Compared to last November, the estimated FY 2012-13 deficit has grown from $5.4 billion to $5.8 billion. Adding in the cost of inflation, the deficit reaches $7 billion.

      Dec 2, 2010

      Minnesota is facing a $6.2 billion deficit in the upcoming biennium, up from earlier projections of $5.8 billion. The shortfall represents about 16 percent of the state’s two-year budget.

      Huh… What do you suppose happened to all the money that was going to flow into the state’s bank account when those tax cuts unleashed businesses and the economy?

      Let’s take a look at the Minnesota unemployment rates (on January first) from 2000 to this year, so we can see what the Job Creators were able to do with all those tax savings, and how the massive Dayton/DFL tax increases impacted them:

      2000: 3.0%
      2001: 3.4%
      2002: 4.5%
      2003: 4.5%
      2004: 4.9%
      2005: 4.2%
      2006: 4.1%
      2007: 4.4%
      2008: 4.7%
      2009: 7.1%
      2010: 7.7%
      2011: 6.8%
      2012: 5.7%
      2013: 5.2%
      2014: 4.5%
      2015: 3.7%

      That’s funny… It looks like the Job Creators went backwards on their hiring until the year AFTER their taxes went through the roof. How could THAT be?

      Okay… Let’s forget the state’s extended lack of income and whatever misfires the Job Creators experienced for the 10 or 12 years following those tax cuts (same thing could’ve happened to anybody).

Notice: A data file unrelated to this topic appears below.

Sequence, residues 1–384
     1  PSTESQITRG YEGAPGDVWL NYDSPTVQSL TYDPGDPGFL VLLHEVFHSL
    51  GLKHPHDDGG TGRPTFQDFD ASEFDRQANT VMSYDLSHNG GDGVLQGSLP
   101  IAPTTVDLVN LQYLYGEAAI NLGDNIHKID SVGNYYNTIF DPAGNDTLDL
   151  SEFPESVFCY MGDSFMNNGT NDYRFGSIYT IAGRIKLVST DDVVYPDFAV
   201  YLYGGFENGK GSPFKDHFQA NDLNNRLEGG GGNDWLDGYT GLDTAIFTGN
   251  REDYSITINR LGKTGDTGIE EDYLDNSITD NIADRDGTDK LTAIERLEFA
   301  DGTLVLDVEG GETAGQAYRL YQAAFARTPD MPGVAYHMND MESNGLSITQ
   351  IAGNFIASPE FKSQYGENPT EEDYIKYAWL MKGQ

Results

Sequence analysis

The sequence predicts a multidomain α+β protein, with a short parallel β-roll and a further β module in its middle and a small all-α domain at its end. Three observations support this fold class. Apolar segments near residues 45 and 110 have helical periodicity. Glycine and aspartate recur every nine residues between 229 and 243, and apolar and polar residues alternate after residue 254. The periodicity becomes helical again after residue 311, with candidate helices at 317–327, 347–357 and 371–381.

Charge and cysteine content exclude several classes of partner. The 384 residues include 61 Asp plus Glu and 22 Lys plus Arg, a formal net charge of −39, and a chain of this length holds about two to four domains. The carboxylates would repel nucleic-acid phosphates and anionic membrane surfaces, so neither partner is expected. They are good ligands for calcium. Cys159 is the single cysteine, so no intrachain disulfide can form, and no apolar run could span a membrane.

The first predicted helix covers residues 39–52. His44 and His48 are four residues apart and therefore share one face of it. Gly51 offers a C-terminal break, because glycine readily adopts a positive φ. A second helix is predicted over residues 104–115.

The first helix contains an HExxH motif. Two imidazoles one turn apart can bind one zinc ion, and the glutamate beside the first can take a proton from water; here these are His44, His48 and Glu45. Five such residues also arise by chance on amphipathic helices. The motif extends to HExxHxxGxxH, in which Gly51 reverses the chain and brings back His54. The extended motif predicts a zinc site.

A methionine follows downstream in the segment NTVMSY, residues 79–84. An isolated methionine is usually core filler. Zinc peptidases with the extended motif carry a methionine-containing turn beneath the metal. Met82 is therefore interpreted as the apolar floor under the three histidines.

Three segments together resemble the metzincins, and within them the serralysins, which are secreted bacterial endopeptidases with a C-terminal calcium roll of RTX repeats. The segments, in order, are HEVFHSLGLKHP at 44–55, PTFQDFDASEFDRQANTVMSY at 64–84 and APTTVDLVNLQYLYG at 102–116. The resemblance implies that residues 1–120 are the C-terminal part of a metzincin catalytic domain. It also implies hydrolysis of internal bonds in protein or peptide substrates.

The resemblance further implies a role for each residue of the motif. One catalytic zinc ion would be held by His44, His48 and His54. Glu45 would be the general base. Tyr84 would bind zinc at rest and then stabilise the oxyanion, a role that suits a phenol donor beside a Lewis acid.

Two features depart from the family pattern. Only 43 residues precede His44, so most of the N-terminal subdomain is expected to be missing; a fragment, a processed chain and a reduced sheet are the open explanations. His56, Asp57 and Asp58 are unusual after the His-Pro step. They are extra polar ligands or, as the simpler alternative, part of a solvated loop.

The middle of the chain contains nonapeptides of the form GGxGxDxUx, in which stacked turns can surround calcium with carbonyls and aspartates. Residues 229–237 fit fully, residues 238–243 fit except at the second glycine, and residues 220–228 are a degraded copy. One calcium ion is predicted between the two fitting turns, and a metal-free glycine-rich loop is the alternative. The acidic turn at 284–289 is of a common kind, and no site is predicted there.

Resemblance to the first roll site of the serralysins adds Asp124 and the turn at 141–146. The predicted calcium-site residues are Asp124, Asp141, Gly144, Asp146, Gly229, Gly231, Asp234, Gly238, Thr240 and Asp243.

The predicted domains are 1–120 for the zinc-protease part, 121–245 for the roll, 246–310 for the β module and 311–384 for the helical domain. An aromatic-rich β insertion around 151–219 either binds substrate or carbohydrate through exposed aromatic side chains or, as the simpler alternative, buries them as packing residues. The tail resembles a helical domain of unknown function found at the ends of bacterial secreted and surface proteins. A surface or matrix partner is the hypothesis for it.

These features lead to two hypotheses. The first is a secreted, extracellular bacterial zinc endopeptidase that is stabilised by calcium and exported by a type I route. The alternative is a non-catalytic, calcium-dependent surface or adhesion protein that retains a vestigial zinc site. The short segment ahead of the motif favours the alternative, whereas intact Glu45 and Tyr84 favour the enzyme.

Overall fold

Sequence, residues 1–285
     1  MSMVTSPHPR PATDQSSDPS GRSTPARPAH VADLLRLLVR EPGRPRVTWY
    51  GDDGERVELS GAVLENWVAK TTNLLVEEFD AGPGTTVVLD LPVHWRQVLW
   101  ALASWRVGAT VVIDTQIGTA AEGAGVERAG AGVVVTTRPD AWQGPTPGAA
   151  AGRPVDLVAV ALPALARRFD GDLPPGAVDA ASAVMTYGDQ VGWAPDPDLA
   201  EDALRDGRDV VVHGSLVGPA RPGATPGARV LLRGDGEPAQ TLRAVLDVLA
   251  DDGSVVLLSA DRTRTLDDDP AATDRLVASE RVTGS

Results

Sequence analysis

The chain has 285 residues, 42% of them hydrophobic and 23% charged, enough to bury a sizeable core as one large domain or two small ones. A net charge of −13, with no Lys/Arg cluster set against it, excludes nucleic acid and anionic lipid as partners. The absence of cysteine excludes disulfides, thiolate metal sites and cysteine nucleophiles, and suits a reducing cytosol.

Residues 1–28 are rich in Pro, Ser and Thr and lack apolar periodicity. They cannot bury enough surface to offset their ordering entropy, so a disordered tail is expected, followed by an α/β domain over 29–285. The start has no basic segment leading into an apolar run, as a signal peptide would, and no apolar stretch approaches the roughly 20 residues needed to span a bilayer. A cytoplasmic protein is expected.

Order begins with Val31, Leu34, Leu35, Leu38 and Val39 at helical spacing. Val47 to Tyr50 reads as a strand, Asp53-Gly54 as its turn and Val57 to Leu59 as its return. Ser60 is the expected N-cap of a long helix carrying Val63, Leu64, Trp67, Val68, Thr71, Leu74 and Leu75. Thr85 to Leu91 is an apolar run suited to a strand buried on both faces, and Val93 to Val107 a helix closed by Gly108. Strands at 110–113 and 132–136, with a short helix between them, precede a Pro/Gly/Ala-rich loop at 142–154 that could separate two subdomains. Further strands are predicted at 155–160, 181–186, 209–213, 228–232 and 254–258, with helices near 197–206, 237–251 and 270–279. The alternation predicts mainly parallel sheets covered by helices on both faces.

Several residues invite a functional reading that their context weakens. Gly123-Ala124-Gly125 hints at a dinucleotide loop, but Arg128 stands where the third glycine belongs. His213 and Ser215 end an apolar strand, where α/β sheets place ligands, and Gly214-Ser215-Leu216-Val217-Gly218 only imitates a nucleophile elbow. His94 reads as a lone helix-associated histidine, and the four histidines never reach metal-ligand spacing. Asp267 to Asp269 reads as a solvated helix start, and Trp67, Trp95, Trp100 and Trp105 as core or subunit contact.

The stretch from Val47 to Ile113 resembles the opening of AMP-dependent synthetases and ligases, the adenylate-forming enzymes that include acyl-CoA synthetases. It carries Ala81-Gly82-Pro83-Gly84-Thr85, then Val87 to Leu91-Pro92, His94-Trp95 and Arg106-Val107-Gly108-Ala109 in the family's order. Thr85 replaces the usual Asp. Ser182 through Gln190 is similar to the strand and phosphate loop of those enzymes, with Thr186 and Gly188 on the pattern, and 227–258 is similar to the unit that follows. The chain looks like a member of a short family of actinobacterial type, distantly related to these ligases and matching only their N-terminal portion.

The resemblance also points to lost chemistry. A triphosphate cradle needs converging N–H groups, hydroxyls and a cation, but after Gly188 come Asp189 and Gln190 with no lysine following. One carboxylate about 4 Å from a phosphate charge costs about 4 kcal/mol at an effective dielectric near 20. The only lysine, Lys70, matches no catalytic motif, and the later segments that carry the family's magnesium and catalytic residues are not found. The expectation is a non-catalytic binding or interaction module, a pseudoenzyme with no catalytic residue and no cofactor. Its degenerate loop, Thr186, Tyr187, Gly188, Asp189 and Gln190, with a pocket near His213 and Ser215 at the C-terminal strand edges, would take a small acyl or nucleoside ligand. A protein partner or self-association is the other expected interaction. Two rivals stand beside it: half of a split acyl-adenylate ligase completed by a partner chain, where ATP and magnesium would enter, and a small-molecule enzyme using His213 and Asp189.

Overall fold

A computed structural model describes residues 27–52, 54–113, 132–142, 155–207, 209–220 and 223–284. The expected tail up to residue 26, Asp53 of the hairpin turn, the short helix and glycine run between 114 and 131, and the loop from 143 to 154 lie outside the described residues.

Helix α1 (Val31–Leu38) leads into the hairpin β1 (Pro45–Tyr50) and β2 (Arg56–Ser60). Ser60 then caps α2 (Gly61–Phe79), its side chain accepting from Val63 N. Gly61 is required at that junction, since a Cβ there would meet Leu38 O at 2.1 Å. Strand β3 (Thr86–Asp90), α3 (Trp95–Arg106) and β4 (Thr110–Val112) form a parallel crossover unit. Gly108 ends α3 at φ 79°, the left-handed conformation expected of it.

Let’s move on and take a look at what the tax cuts did for some of the hard working Minnesota families Speaker Daubt and Majority Leader Peppin have been talking about so much lately…

      2005: 6,000
      2006: 12,000
      2007: 20,000
      2008: 26,000
      2009: 23,000
      2010: 25,000
      2011: 21,000
      2012: 18,000
      2013: 12,000

      That’s the number of Minnesota families and individuals that lost their homes to foreclosure from 2005 to 2013… But hey. That’s only two to four times the rate before the tax cuts. And it’s only 160,000-some homes. And 40,000 to 60,000 or so of them probably would’ve been lost anyway. So that’s not that big a deal in the overall scheme of things. Unless you happen to have been in one of the families that used to live in one of them, of course. But that wasn’t any (or many) of the people that benefited most from those tax cuts, so it’s just another one of those unfortunate things we’ll have to forget.

      Most important of all, NONE of those things or numbers is any reason NOT to cut taxes by $2 billion, right?

      We should do it because everyone knows that’s the only way to grow the economy, create new jobs and get more money flowing into the state so we can cut more taxes.